Assembly Must Now Pass Criminal Court Opinion Transparency Act


A10394 (Wallace) / S9674 (Gianaris)
Enacts the Criminal Court Opinion Transparency Act

An act to amend the judiciary law, relating to the publication of opinions rendered in criminal causes.

Section 1 provides the title, the Criminal Court Opinion Transparency Act.

Section 2 amends subdivision 1 of section 212 of the judiciary law to require publishing of open data regarding judges’ court assignments, and for criminal cases resulting in published opinions, demographics of the defendant, name of the judge, and other data.

Section 3 amends section 212 of the judiciary law adding a new subparagraph (vii) to authorize the chief administrative judge to set up a system where e-filed opinions are automatically sent to the law reporting bureau (the State Reporter). It also shifts the duty from judges to clerks’ offices for transmission of opinions that are not e-filed. All opinions must be transmitted in machine-readable format.

Section 4 amends section 432 of the judiciary law defines “machine-readable” and requires the chief administrative judge to transmit e-filed opinions to the law reporting bureau (the State Reporter) All opinions must be transmitted in machine-readable format. It would also require that certain orally-delivered criminal court decisions be excerpted from the transcript and sent to the State Reporter, as enumerated in Section 5.

Section 5 introduces a new Section 443-b to the judiciary law, mandating the publication of all criminal court opinions, both written and oral, addressing the following legal issues:

  • Motion to suppress evidence or to controvert a search warrant;
  • Motion to dismiss individual charges, or the entirety of an accusatory instrument;
  • Omnibus motion;
  • Motion to exclude expert testimony;
  • Motion to challenge to the validity of a certificate of compliance; and
  • Motion to sever. 

Section 6 adds a new section 443-c to the judiciary law providing stringent privacy protections, including that defendants and witnesses be referred to by initials, and  personal identifying information be redacted in public opinions. The State Reporter may not redact names of police or peace officers serving as witnesses in their professional capacity.

Section 7 adds a new subparagraph iv to paragraph (d) of subdivision 2 of section 10.40 of the criminal procedure law, stating that nothing in that section shall be construed as limiting or qualifying the delivery of opinions to the law reporting bureau, or their publishing.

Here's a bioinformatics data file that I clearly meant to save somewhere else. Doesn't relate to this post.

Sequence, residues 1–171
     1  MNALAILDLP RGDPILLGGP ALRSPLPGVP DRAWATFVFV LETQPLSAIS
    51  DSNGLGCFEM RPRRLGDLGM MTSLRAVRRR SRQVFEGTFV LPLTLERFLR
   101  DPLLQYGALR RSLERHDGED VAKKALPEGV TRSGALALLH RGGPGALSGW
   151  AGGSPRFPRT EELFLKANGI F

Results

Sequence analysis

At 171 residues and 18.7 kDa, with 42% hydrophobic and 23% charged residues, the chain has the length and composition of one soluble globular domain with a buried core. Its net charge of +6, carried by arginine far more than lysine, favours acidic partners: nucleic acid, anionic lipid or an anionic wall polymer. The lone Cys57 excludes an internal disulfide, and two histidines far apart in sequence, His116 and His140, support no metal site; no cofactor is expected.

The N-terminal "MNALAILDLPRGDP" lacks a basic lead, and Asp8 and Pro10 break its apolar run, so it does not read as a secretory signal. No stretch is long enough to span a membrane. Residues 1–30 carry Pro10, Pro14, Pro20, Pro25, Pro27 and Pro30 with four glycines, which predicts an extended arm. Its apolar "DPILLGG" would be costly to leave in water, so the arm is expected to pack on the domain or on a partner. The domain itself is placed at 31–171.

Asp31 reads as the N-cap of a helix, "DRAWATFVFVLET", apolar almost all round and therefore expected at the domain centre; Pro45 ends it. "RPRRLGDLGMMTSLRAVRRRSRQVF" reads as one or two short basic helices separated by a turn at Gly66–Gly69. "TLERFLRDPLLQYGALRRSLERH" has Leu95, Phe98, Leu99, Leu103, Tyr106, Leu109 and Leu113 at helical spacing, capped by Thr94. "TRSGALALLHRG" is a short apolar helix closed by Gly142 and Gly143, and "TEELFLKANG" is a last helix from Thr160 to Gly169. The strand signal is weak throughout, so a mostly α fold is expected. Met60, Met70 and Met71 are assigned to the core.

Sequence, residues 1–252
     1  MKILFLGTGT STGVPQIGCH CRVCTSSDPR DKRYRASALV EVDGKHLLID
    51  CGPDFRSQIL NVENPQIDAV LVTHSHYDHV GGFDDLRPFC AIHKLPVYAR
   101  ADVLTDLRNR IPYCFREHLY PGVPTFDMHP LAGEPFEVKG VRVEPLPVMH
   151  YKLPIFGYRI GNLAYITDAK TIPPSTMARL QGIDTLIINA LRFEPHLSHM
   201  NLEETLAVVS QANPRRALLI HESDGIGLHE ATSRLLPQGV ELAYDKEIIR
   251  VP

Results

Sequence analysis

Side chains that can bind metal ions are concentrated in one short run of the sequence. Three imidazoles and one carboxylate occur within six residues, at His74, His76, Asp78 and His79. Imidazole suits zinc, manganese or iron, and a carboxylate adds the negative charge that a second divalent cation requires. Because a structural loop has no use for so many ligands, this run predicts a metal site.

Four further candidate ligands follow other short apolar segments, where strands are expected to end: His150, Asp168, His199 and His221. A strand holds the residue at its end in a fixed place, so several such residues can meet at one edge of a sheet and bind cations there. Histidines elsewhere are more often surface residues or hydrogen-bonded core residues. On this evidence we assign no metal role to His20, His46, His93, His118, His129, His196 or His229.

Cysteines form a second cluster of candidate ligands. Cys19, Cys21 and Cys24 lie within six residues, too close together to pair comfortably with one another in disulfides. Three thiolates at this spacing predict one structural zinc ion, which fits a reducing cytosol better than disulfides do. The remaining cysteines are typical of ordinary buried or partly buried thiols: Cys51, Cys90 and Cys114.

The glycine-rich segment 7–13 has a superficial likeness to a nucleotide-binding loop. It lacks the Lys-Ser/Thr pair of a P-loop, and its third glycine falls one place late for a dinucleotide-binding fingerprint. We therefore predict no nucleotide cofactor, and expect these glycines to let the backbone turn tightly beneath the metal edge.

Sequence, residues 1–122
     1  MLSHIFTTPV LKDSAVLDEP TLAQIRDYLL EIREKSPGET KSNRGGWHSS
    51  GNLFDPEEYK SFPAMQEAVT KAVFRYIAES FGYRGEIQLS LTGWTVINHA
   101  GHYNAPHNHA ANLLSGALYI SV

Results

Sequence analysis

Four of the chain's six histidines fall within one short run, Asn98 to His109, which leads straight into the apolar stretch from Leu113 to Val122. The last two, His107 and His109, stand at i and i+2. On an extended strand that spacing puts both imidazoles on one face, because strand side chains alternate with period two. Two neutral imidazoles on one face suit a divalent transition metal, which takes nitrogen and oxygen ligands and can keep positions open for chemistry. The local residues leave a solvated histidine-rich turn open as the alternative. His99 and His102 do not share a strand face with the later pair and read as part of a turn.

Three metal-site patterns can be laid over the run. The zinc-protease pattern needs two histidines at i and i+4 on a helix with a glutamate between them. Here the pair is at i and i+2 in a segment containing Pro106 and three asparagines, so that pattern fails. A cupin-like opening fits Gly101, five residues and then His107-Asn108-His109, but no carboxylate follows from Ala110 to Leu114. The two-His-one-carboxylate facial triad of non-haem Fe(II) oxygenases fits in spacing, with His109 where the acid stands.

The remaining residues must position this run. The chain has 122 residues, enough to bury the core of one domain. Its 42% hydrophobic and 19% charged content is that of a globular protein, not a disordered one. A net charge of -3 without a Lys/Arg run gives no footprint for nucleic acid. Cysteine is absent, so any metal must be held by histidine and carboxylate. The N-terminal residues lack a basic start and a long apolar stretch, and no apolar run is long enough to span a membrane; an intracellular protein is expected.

Section 7 provides gender-neutral language for sections 434, 436, 437, and 438 of the judiciary law regarding the State Reporter.  

Section 8 provides that the act shall take effect in 180 days.

Our groups strongly support this bill because public access to judges’ decisions is essential to ensuring integrity and accountability in New York’s criminal legal system. This is especially important because these decisions interpret the federal and state constitutions, influencing precedent and New Yorkers’ treatment under the law. 

In 2024, decisions made by the government – including criminal courts – should be published online, and easily accessible. Unfortunately, New York’s criminal court judges rarely opt to publish their decisions. According to Scrutinize and Reinvent Albany’s report, Open Criminal Courts (Nov 2023), only 6% of criminal court decisions are made publicly available every year, leaving thousands of decisions out of reach for most New Yorkers. Publishing more criminal court decisions will benefit a broad group of stakeholders, including voters, journalists, legal professionals, the state Legislature, and appointing authorities. 

Releasing these decisions will improve:

  1. Judicial Assessment: Access to decisions is vital for evaluating a judge’s performance and qualifications during reappointment, re-election, or promotion. In New York, judges are not tenured for life but instead are reappointed or re-elected. Public access to decisions made by judges is crucial to guaranteeing meaningful, merit-based assessment of judicial candidates.
  2. Legislative Oversight: Publicly available decisions provide a window for the Legislature to monitor the implementation of criminal law reforms. In recent years, major changes have been made to laws relating to bail, discovery, and other areas, and legislative access to judicial decisions will help ensure robust oversight of the new laws. 
  3. Legal Insight: Decisions offer valuable insights for appellate courts and attorneys into legal interpretations and trends. Moreover, criminal court decisions play a crucial role in shaping attorneys’ legal strategies and arguments. The absence of public access to these decisions can lead to uneven application of laws and impedes the ability of defense attorneys to adequately prepare defenses. Access to decisions also aids appellate courts and administrative bodies in understanding legal trends and finding inconsistencies.

This bill passed the Senate on June 3, 2024. We urge the Assembly to pass the bill, and the Governor to sign it.

Click here to view the memo as a PDF.